Gov. Rick Scott claimed credit this month when the state's inspector general criticized excessive travel and entertainment expenses by executives and board members of Citizens Property Insurance Corp. The governor had asked for the report in September, after a Miami Herald story detailed the excesses.
But Gov. Scott, like the Florida Legislature, seems much less concerned about the far more serious expenses regarding the state-run insurer. That would be the expenses to Citizens policyholders from the ongoing attempt to make Citizens hurricane coverage unaffordable, even though state law requires Citizens policies to be "affordable," since for customers Citizens is often the only option.
Supposedly, Citizens can't raise coverage costs more than 10 percent each year, but Citizens has been reinspecting homes and raising standards for discounts. Homeowners who had paid less because they had strengthened their homes are hearing that they must make new improvements that can cost more than the savings. Those policy increases aren't covered by the 10 percent annual limit.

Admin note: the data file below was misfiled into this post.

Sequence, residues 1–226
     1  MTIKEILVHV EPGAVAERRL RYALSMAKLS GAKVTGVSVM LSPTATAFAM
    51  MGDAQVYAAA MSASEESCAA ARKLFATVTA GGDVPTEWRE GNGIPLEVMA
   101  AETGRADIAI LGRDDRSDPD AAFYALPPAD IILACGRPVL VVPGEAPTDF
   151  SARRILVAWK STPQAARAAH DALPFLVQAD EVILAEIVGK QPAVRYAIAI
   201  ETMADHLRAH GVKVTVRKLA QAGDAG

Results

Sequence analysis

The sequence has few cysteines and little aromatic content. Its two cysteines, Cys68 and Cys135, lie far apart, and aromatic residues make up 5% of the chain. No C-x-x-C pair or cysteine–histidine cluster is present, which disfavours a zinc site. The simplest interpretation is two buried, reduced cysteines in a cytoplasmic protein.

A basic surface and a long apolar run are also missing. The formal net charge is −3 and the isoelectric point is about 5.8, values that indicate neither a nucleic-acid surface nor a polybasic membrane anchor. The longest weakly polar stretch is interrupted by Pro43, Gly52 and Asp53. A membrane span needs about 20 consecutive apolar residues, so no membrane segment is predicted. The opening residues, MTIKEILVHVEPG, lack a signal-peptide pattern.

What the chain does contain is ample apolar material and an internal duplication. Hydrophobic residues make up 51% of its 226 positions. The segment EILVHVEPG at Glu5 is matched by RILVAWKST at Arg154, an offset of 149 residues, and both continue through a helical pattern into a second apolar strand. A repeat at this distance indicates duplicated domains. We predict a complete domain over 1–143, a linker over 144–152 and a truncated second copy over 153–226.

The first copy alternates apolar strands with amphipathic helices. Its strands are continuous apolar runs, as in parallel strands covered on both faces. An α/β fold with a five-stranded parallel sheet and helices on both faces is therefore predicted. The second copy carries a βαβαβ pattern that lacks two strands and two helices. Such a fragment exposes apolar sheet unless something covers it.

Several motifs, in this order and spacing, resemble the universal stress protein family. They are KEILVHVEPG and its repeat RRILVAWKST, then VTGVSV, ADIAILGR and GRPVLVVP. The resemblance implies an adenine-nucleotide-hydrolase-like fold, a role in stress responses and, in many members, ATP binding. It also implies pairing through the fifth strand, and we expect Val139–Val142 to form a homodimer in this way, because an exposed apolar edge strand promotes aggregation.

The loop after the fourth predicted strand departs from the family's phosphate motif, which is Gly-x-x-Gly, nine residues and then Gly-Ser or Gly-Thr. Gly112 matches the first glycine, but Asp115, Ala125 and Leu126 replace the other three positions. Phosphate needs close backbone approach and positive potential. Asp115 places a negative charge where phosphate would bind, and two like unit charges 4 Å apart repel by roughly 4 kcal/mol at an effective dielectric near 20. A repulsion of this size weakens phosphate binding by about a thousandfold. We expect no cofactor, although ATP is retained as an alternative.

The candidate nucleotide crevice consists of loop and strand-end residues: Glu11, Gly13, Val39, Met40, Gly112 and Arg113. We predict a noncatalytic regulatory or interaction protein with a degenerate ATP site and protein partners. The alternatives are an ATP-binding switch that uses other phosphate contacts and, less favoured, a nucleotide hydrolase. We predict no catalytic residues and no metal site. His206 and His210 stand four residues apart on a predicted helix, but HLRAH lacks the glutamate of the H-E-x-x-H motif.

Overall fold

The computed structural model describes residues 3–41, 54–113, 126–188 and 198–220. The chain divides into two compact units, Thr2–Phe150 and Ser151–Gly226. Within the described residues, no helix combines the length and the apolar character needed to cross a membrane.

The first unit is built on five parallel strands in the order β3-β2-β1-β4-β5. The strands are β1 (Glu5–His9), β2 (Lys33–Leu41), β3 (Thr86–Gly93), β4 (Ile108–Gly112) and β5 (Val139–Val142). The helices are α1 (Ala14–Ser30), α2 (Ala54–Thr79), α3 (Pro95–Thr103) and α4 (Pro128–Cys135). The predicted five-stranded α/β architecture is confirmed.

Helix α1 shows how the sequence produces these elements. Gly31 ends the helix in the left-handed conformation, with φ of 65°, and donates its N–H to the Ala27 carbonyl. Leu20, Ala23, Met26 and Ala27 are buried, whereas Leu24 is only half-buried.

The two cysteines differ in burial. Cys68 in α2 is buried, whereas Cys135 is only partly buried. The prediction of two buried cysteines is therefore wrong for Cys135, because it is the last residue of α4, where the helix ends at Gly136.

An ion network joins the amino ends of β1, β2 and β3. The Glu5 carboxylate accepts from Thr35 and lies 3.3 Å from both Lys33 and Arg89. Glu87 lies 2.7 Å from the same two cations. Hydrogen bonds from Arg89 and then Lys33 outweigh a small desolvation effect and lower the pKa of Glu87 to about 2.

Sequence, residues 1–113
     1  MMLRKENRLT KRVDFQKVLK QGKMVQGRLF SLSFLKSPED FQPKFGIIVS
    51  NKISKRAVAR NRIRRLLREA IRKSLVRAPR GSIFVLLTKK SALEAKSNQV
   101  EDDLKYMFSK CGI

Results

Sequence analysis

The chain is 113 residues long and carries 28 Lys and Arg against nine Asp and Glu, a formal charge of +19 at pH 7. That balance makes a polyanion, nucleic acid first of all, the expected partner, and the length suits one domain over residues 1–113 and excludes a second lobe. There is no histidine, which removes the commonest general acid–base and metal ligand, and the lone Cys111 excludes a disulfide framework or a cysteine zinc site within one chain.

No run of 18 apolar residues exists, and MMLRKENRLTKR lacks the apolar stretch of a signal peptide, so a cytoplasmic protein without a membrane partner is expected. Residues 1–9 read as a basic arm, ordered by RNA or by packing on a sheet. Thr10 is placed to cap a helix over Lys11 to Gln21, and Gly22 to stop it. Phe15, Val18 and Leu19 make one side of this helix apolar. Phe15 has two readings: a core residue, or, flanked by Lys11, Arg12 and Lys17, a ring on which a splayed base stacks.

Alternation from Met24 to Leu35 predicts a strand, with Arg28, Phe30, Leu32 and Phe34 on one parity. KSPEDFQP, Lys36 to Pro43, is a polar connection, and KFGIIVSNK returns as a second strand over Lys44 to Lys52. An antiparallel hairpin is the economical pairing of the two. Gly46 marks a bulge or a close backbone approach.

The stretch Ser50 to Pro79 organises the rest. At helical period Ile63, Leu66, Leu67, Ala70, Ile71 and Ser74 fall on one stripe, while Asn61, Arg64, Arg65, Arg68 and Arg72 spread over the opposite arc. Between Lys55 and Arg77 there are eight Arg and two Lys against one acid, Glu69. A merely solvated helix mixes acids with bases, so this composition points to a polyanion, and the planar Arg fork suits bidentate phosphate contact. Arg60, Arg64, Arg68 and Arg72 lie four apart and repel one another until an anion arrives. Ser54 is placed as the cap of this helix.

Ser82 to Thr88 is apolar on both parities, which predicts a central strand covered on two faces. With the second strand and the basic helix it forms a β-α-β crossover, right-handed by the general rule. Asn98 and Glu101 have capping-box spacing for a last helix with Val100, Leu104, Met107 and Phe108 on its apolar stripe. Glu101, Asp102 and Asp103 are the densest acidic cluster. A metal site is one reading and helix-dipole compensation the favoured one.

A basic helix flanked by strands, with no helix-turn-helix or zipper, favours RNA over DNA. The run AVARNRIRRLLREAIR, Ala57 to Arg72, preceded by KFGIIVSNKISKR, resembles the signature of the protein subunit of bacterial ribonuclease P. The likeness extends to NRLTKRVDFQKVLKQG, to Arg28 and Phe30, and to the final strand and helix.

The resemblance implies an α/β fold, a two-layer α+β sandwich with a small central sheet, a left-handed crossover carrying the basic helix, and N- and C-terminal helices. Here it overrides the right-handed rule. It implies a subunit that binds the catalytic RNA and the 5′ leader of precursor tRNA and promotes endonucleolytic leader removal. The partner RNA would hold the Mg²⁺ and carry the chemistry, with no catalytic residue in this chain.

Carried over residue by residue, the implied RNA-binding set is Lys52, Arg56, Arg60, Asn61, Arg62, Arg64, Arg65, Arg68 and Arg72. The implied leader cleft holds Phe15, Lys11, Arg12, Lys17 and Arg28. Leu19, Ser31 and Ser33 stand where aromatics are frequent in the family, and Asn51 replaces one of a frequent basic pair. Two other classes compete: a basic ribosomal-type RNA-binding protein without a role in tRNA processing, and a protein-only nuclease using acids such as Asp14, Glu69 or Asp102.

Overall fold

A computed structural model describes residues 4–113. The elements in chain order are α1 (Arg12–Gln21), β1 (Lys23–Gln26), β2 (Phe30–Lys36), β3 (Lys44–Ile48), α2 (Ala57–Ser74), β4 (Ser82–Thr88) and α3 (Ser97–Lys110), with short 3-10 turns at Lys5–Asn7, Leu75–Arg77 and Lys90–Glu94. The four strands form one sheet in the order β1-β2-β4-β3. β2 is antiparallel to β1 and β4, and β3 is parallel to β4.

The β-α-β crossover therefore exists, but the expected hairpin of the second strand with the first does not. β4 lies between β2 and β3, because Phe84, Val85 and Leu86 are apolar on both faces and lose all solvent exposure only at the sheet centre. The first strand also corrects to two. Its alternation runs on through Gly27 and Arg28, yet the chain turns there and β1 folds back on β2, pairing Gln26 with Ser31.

Even the 10 percent cap may not stick. A legislative committee just heard a proposal that would raise the limit to 13 percent. As usual, a Central Florida insurance agent -- Rep. Bryan Nelson, R-Apopka -- is chairman of the House Insurance Subcommittee.
The inspector general's report, covering the first eight months of last year, restated some of what the Herald reported. On a trip to Bermuda to meet with reinsurers, for example, Citizens' chief financial officer stayed in a $459-per-night room and upgraded to a $633 room. The report noted that Citizens had "insufficient internal controls" to monitor expenses. New President Barry Gilway says he has made changes. But are there sufficient external controls to keep Citizens from gouging Floridians in the name of shedding policies?